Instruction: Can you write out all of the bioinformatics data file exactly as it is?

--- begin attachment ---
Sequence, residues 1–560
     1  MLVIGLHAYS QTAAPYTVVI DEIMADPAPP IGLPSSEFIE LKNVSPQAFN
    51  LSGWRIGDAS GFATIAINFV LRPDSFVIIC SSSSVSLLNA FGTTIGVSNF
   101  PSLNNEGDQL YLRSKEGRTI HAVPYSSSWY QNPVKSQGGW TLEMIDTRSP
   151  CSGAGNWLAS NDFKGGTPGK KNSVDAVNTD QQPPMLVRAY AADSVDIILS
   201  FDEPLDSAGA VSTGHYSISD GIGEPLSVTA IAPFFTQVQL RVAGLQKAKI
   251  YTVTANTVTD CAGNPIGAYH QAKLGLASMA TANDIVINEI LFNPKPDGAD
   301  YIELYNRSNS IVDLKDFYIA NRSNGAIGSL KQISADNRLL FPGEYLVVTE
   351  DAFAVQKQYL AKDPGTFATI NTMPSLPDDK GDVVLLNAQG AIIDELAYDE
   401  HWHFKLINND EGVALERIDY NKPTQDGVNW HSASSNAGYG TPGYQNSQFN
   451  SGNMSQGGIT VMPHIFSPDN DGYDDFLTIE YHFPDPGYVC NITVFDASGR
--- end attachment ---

Sequence, residues 1–560
     1  MLVIGLHAYS QTAAPYTVVI DEIMADPAPP IGLPSSEFIE LKNVSPQAFN
    51  LSGWRIGDAS GFATIAINFV LRPDSFVIIC SSSSVSLLNA FGTTIGVSNF
   101  PSLNNEGDQL YLRSKEGRTI HAVPYSSSWY QNPVKSQGGW TLEMIDTRSP
   151  CSGAGNWLAS NDFKGGTPGK KNSVDAVNTD QQPPMLVRAY AADSVDIILS
   201  FDEPLDSAGA VSTGHYSISD GIGEPLSVTA IAPFFTQVQL RVAGLQKAKI
   251  YTVTANTVTD CAGNPIGAYH QAKLGLASMA TANDIVINEI LFNPKPDGAD
   301  YIELYNRSNS IVDLKDFYIA NRSNGAIGSL KQISADNRLL FPGEYLVVTE
   351  DAFAVQKQYL AKDPGTFATI NTMPSLPDDK GDVVLLNAQG AIIDELAYDE
   401  HWHFKLINND EGVALERIDY NKPTQDGVNW HSASSNAGYG TPGYQNSQFN
   451  SGNMSQGGIT VMPHIFSPDN DGYDDFLTIE YHFPDPGYVC NITVFDASGR